About how some music is unfortunately used as populist atmospherics and to add a hollow sophistication, though they might work for their purpose, think Bach goldberg variations and Silence of the Lambs. Or, worse, moonlight sonata and Interview with a Vampire. On the other hand, they do create moods. That might be what theyre reduced to, at the end, employed as mood makers.

Edited: September 14, 2018, 9:28 PM · It may be of interest in this context that Pablo Casals worked on the Bach Suites for years (don't remember the exact time) before daring to play them in public (this is at least his story). And not all of them are technically challenging for a professional, let alone Casals.

I do think that this sort of "performing block" is more interesting and engaging than a mere technical insufficiency (which is normal for amateurs). Technical problems are boring for all but violinists. On the other hand: How many amateurs (like your character) are there who struggle so intensely with musical difficulties, especially in a piece like Bach's Chaconne which presents a ton of technical problems?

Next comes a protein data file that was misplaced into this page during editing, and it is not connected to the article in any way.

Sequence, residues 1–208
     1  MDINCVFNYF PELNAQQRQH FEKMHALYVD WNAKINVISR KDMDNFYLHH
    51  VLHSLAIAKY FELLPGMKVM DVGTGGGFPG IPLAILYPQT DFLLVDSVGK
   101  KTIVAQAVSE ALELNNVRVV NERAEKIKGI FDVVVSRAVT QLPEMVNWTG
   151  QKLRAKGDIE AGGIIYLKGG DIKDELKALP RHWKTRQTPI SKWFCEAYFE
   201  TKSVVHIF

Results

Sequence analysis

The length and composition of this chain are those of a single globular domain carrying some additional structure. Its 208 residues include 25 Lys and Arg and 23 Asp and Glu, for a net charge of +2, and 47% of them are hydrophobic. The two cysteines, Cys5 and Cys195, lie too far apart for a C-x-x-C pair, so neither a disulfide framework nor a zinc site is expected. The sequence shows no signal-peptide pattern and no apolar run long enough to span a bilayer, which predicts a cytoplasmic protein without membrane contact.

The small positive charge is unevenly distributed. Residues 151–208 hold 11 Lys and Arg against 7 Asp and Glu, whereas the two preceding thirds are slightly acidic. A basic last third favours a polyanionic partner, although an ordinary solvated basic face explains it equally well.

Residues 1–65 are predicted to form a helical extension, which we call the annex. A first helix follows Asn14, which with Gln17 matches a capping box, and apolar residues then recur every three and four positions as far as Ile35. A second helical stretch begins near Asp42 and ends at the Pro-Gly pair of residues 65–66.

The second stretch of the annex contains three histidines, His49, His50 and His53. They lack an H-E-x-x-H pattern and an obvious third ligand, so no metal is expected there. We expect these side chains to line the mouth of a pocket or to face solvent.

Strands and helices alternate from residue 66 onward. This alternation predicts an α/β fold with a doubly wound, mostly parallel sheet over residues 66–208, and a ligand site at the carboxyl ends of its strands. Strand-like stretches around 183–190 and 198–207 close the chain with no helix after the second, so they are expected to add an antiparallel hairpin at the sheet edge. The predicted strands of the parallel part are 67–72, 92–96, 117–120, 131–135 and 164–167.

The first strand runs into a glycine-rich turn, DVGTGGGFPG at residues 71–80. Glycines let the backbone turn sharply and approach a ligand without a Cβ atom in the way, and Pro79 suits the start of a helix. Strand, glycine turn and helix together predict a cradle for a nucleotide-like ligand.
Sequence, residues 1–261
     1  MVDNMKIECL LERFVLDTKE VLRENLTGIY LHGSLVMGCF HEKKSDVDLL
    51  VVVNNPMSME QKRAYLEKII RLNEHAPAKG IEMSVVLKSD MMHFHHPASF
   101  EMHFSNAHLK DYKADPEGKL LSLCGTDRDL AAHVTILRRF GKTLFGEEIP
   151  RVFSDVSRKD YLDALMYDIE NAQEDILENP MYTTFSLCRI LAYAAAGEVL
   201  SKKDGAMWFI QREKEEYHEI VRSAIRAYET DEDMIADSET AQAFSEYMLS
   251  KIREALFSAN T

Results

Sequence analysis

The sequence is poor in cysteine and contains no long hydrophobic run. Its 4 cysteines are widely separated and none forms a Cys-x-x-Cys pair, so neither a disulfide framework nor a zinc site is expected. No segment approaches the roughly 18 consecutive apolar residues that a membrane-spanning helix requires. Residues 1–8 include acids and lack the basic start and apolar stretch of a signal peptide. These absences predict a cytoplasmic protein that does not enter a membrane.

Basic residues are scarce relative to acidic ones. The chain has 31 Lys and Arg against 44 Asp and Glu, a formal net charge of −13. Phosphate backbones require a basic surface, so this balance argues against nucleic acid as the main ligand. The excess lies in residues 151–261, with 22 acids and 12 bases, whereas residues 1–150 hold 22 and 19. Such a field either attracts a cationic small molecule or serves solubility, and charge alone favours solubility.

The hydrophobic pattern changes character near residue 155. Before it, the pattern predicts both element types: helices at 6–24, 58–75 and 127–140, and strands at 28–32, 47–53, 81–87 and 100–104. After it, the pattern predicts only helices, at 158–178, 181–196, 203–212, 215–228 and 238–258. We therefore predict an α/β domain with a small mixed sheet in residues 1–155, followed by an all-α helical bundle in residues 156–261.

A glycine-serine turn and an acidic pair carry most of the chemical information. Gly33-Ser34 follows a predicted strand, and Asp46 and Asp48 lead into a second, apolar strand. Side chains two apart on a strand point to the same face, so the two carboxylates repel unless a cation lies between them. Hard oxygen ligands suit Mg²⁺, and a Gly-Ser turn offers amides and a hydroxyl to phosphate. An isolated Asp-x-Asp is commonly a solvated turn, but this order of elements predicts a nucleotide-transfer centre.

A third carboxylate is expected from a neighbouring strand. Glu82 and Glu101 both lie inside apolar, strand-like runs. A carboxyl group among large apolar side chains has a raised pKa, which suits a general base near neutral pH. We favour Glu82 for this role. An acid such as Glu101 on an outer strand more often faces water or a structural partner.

Of course there are very few amateurs who would waste years of practice time on the unachievable project of mastering the Brahms concerto, especially if they are intelligent enough to be medical researchers. So your plan presents some problems.

September 14, 2018, 9:42 PM · I like the idea of a piece by a living composer such as Crumb or Penderecki.
Edited: September 14, 2018, 10:36 PM · Albrecht, I'm not sure where you're located, or where OP's character lives. In certain large cities in the US, I think it's more likely for an amateur capable of Brahms to be a medical researcher (or work in STEM) than to be in a non-STEM field.

If OP is writing about an amateur violinist's struggle with interpretation and wants technique to be less of an issue, it's reasonable to make them a medical researcher.

September 15, 2018, 12:07 AM · Borodin Quartet #2 in D Major 1st movt or 3rd movt, the Nocturne. Less pyrotechnics than Sarasate, less technical than Bach Chaconne, lusciously romantic. I knew an MD researcher who brings his violin to the lab and practices at night. Whether or not the piece is technically difficult will depend on the level of the player as well as how polished the presentations to be. A quartet also introduces the potential for conflicts with three more characters.